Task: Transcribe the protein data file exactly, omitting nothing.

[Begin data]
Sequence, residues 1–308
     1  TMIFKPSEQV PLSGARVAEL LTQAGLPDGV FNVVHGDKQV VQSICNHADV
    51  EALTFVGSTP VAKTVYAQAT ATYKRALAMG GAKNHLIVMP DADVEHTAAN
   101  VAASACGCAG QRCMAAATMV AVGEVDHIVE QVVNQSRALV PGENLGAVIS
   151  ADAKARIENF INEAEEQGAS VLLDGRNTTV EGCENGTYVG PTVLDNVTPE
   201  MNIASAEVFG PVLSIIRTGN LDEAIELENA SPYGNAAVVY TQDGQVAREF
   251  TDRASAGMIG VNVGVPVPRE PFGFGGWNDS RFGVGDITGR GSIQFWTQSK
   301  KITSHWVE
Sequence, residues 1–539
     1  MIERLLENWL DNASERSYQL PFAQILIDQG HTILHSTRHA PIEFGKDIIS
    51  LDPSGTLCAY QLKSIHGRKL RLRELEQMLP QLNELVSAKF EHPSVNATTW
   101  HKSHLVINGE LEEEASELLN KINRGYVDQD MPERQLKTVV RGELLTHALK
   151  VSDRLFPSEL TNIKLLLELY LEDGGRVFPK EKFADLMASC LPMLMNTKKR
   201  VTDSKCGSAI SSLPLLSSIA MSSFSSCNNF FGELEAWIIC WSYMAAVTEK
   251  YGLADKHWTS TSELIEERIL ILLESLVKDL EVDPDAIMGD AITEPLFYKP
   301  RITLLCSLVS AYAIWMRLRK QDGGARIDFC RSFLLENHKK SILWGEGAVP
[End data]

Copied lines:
Sequence, residues 1–308
     1  TMIFKPSEQV PLSGARVAEL LTQAGLPDGV FNVVHGDKQV VQSICNHADV
    51  EALTFVGSTP VAKTVYAQAT ATYKRALAMG GAKNHLIVMP DADVEHTAAN
   101  VAASACGCAG QRCMAAATMV AVGEVDHIVE QVVNQSRALV PGENLGAVIS
   151  ADAKARIENF INEAEEQGAS VLLDGRNTTV EGCENGTYVG PTVLDNVTPE
   201  MNIASAEVFG PVLSIIRTGN LDEAIELENA SPYGNAAVVY TQDGQVAREF
   251  TDRASAGMIG VNVGVPVPRE PFGFGGWNDS RFGVGDITGR GSIQFWTQSK
   301  KITSHWVE
Sequence, residues 1–539
     1  MIERLLENWL DNASERSYQL PFAQILIDQG HTILHSTRHA PIEFGKDIIS
    51  LDPSGTLCAY QLKSIHGRKL RLRELEQMLP QLNELVSAKF EHPSVNATTW
   101  HKSHLVINGE LEEEASELLN KINRGYVDQD MPERQLKTVV RGELLTHALK
   151  VSDRLFPSEL TNIKLLLELY LEDGGRVFPK EKFADLMASC LPMLMNTKKR
   201  VTDSKCGSAI SSLPLLSSIA MSSFSSCNNF FGELEAWIIC WSYMAAVTEK
   251  YGLADKHWTS TSELIEERIL ILLESLVKDL EVDPDAIMGD AITEPLFYKP
   301  RITLLCSLVS AYAIWMRLRK QDGGARIDFC RSFLLENHKK SILWGEGAVP